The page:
Board Evolution: Progress Made, Yet Challenges Persist

The following post comes to us from Mary Ann Cloyd, leader of the Center for Board Governance at PricewaterhouseCoopers LLP. This post is based on a PwC annual survey of corporate directors; the full document is available here.

Corporate directors have adjusted to significant changes in the governance environment during the last year. On the regulatory front, the Securities and Exchange Commission (SEC) continues to implement new rules stemming from the Dodd-Frank Act, causing companies to rethink and react. The voice of shareholders has never been louder, pressuring companies to adopt structural governance changes by submitting proposals on board declassification, splitting CEO and board chair roles, and majority voting. Shareholder “say on pay” votes moved into a second year with some companies uncertain about how to respond based on their voting results. Plus, more companies had their shareholders withhold approval on their “say on pay” votes, maintaining the pressure on compensation committees.

In the summer of 2012, 860 public company directors responded to PwC’s 2012 Annual Corporate Directors Survey. Of those directors, 70% serve on the boards of companies with more than $1 billion in annual revenue. As a result, the survey’s findings reflect the practices and boardroom perspectives of many of today’s world-class companies. We structured the survey to provide pragmatic feedback directors can use to assess and improve performance in areas that are “top of mind” to today’s boards. The survey shows directors are clearly making progress and enhancing their practices. At the same time, directors acknowledge the numerous challenges they still face. The following are the highlights:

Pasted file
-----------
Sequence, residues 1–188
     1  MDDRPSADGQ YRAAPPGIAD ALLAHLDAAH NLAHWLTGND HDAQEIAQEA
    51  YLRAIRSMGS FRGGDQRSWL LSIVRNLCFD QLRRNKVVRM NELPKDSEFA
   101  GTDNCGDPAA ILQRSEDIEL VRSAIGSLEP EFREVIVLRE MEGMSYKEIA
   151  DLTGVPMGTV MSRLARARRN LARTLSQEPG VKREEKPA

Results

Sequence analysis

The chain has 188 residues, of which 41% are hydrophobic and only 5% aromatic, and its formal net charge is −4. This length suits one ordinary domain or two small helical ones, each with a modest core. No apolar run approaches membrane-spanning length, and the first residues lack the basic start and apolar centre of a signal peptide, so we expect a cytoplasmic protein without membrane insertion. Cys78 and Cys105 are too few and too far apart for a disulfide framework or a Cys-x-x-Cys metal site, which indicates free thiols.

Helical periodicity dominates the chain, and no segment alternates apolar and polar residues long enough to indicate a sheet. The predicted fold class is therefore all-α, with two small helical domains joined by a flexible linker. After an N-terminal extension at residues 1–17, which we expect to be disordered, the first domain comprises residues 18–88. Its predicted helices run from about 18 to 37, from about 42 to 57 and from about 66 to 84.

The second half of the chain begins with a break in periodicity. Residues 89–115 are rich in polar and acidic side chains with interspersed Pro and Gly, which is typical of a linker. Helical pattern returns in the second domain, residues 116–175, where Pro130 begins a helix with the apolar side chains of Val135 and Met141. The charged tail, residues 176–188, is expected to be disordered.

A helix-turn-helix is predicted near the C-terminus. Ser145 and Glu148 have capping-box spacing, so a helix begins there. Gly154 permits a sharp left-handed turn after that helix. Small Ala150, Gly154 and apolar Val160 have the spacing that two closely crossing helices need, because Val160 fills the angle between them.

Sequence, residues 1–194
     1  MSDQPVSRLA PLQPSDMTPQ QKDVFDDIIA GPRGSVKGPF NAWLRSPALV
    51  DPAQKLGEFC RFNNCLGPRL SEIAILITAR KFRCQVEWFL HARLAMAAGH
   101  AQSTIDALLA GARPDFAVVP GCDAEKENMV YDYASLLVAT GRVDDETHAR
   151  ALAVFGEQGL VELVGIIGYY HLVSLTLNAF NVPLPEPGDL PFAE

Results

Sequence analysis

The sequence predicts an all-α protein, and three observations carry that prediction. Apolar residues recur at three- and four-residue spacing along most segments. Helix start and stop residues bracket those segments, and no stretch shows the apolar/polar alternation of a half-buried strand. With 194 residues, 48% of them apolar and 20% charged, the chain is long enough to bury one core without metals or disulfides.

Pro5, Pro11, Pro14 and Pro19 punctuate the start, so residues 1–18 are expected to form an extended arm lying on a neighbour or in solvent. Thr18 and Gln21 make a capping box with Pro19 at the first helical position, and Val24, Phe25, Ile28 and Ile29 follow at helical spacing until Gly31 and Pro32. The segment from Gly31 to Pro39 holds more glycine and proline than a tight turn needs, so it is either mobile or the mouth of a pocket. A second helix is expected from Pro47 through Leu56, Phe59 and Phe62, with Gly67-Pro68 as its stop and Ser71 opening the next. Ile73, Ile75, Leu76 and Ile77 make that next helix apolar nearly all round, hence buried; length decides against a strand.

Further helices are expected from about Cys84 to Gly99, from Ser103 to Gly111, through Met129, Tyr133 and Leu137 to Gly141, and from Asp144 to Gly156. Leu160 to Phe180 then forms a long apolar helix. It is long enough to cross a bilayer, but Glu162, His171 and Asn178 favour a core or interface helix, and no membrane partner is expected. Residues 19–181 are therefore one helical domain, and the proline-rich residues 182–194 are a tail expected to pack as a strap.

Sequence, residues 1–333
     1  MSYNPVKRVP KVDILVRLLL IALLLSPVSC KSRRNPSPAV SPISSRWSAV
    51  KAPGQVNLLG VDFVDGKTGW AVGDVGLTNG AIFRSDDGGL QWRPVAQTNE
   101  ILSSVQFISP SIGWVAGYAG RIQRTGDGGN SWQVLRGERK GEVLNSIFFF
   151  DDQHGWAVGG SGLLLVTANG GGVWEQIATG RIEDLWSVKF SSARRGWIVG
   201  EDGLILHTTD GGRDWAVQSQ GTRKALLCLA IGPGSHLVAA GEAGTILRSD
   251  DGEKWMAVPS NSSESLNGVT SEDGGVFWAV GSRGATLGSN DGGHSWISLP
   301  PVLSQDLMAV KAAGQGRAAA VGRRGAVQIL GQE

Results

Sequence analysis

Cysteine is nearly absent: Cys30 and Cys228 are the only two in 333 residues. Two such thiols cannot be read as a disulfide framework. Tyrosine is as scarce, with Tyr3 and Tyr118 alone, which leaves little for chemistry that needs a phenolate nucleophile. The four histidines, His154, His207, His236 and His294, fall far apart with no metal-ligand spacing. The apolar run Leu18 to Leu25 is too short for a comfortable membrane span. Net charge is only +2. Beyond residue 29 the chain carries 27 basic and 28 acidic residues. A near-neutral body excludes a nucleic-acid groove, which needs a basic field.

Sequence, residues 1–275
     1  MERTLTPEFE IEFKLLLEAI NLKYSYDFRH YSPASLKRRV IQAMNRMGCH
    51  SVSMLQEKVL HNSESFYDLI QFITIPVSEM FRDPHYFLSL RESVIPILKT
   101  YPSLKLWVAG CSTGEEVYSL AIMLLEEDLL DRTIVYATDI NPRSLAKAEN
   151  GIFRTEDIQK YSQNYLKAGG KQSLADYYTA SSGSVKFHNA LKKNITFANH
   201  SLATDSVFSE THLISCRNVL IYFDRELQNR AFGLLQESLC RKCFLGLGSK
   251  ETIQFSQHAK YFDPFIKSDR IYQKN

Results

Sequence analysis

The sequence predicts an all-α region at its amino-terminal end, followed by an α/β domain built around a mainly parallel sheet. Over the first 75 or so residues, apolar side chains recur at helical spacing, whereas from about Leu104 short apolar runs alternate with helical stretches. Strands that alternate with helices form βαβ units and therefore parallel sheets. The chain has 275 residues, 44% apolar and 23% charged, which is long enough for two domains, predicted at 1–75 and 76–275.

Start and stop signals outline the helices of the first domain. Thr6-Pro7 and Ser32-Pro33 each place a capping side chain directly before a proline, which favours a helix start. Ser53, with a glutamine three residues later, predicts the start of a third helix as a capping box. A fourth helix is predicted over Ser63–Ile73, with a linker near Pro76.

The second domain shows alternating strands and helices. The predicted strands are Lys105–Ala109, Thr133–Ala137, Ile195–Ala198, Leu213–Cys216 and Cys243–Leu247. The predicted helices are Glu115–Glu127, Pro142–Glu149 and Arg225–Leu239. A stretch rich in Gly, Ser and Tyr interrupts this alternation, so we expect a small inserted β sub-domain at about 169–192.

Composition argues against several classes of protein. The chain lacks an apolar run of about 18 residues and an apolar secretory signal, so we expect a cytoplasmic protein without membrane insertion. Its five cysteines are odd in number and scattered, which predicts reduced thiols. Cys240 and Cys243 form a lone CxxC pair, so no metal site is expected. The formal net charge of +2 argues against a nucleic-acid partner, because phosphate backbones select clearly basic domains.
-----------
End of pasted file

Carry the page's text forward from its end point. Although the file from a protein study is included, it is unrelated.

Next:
Boards are making progress

  • There has been a marked increase in the hours directors dedicate to board work. More than half of directors say the amount of time they spent rose last year. Two-thirds of those increased their hours over 10%, and one-fifth more than 20%. Compensation committee hours rose for half of companies, and more than one-third of audit committees increased their hours. This is not surprising, given the pressure on compensation issues and fraud prevention, among others, these committees respectively need to address. However, directors still acknowledge challenges, as three-quarters want to dedicate more time to overseeing strategy and meeting with company executives.
  • There are significant differences in how concerned directors are with the level of shareholder support for director nominees. Specifically, the longer a director has been on a board, the less concerned he or she is with negative shareholder votes when considering the renomination of a fellow board member.